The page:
Veterinarians can discuss changes in medication, evaluating blood pressure, adjusting food, herbal treatments, acupuncture, and other things to keep your pet healthier over time.
Resting respiratory rate
This is the number one indicator of progression of heart disease and is absolutely free! Counting the number of breaths per minute your pet takes while he or she is sleeping is a key diagnostic tool. What we are looking for is increased rate over time.
Monitor for signs
Familiarize yourself with the signs of the progression of heart disease. You know your pet better than anyone else. If you see any signs that are concerning, contact your veterinarian.
Do NOT adjust any medications without discussing with your veterinarian
Even though you will become the expert with your pet and often know how they respond, please contact your veteriarian prior to adjusting any medications.
Discuss openly concerns about costs and treatment if they exist.
Sometimes heart disease isn’t always easy to treat, both for you and for your beloved pet.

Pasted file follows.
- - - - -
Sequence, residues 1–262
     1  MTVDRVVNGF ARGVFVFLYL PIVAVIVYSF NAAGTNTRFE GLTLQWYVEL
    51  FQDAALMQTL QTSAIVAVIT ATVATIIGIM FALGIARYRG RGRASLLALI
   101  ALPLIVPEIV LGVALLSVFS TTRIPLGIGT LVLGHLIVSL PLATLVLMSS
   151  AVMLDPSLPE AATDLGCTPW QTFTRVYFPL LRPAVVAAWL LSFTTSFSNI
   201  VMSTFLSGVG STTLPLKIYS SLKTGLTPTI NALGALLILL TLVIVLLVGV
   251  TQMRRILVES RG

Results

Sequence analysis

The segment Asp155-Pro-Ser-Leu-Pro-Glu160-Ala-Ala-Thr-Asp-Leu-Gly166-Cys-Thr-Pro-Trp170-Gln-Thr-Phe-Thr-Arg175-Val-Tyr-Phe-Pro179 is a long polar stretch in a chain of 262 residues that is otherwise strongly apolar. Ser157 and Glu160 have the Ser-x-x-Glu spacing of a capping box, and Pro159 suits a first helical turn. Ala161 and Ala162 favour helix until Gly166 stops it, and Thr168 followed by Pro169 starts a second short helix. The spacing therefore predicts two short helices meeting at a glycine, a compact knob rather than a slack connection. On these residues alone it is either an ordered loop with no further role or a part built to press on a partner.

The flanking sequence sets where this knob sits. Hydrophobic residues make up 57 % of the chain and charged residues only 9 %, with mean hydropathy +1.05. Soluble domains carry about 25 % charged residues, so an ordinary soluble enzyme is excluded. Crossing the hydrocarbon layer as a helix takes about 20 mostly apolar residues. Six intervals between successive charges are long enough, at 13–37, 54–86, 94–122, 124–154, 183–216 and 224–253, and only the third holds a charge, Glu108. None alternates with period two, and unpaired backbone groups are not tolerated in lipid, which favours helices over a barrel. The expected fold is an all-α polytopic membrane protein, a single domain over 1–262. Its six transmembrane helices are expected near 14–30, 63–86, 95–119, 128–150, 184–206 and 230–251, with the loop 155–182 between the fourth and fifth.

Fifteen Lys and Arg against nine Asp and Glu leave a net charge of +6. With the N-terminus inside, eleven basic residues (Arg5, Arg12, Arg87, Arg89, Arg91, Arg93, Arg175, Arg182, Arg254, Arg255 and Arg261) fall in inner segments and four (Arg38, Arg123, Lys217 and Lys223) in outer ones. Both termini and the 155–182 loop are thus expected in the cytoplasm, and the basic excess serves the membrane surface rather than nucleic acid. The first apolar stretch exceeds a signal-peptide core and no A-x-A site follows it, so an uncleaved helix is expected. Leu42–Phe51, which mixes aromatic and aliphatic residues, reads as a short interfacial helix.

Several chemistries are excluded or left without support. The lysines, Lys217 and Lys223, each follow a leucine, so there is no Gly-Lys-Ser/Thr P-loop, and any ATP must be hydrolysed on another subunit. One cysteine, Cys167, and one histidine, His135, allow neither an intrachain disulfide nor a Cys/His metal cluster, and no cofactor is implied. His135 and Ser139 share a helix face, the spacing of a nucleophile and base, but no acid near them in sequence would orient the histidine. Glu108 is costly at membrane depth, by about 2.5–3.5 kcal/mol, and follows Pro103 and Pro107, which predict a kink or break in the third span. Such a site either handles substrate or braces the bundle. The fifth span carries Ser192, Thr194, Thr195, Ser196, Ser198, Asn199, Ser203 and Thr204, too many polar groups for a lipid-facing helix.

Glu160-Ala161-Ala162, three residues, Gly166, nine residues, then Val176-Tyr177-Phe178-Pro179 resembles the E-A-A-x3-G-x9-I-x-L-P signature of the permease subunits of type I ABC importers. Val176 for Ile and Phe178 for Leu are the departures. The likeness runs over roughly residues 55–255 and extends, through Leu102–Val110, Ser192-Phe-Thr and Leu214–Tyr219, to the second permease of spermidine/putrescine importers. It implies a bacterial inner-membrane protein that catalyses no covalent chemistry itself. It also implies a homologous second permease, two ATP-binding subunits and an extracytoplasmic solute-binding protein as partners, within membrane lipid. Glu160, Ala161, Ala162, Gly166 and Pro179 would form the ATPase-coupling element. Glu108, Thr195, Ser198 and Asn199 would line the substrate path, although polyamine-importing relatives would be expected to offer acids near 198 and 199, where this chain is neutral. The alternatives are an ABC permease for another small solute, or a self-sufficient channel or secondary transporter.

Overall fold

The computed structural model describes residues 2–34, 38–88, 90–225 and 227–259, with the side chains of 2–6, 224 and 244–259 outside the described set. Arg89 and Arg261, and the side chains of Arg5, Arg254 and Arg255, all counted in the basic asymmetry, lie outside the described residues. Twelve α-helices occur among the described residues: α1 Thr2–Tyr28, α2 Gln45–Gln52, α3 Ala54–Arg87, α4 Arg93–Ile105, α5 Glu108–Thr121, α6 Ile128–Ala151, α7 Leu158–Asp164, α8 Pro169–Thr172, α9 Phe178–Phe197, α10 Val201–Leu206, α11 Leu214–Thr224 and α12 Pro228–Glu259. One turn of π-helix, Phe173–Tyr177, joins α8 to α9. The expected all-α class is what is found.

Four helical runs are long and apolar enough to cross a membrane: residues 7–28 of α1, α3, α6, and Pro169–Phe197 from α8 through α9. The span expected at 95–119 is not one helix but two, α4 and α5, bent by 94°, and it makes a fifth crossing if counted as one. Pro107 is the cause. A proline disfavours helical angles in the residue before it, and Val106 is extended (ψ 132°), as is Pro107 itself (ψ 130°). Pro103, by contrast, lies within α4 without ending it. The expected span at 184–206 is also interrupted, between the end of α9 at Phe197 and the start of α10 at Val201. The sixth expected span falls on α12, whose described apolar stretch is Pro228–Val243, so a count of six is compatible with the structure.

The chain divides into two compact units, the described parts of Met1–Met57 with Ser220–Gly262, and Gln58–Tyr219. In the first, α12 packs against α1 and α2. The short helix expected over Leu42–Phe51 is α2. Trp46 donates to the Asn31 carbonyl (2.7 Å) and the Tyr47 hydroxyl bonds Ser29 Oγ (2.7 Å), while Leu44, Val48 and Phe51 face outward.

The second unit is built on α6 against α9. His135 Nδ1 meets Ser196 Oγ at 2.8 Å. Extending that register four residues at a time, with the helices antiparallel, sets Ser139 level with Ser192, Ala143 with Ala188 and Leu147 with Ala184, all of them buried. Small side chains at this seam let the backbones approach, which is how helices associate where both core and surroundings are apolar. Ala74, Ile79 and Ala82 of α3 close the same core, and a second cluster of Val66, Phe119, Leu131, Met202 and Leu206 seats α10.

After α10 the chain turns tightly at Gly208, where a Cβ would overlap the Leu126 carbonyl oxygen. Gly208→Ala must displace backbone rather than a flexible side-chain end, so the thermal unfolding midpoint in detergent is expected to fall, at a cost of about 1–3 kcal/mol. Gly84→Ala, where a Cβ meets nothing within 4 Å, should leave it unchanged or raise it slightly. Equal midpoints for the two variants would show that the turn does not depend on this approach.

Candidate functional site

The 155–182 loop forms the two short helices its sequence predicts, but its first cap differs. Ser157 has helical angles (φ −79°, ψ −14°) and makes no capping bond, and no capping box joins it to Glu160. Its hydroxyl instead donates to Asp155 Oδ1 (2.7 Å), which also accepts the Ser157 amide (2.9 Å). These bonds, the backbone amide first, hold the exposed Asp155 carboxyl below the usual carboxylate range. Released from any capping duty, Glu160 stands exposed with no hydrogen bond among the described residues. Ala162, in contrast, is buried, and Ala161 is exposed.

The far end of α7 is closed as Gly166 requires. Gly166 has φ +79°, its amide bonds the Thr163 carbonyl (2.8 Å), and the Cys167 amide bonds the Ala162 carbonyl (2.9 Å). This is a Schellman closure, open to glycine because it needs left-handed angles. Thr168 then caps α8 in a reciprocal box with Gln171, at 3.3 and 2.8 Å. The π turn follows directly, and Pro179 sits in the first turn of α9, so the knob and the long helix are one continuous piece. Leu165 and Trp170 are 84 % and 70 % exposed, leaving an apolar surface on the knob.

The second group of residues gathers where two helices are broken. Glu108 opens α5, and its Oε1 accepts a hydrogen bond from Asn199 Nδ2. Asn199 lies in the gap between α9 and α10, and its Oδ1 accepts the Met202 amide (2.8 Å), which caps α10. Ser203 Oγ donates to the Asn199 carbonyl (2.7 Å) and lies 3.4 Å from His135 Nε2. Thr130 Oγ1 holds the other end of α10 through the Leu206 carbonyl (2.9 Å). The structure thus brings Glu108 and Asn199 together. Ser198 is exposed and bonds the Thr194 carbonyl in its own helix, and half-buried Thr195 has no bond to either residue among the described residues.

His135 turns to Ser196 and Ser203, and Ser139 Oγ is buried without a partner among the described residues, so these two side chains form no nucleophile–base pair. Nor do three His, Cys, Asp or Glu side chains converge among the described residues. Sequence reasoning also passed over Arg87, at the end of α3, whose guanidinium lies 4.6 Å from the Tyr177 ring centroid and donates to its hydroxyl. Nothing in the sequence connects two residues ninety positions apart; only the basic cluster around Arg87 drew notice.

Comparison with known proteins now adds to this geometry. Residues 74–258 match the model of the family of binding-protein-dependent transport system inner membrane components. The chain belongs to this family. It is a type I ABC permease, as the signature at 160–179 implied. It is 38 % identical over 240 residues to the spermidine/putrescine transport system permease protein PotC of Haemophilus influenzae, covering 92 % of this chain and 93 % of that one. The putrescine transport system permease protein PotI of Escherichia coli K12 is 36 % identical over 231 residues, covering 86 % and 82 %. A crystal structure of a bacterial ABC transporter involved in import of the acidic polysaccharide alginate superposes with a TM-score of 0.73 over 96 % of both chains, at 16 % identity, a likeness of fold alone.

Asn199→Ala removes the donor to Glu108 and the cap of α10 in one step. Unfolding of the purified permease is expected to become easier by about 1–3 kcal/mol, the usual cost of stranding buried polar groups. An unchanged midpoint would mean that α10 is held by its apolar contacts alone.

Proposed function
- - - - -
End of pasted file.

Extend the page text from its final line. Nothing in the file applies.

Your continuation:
Your veterinarian should offer you the best level of care, including an echocardiogram. Do not feel guilty or upset if you cannot do all the testing that is discussed. This is common, but feel comfortable having that conversation with your veterinarian.
All in all, I think that the best part about these matters of the heart is that few of us can argue that our pets have the biggest heart of all. With proper monitoring, we can often prevent problems before they start. With proper care, we can help even the biggest hearts prosper on.
Dr. Jessica Tracy of Blue Ridge Animal Hospital
It’s almost that time again! February is Pet Dental Health Awareness Month!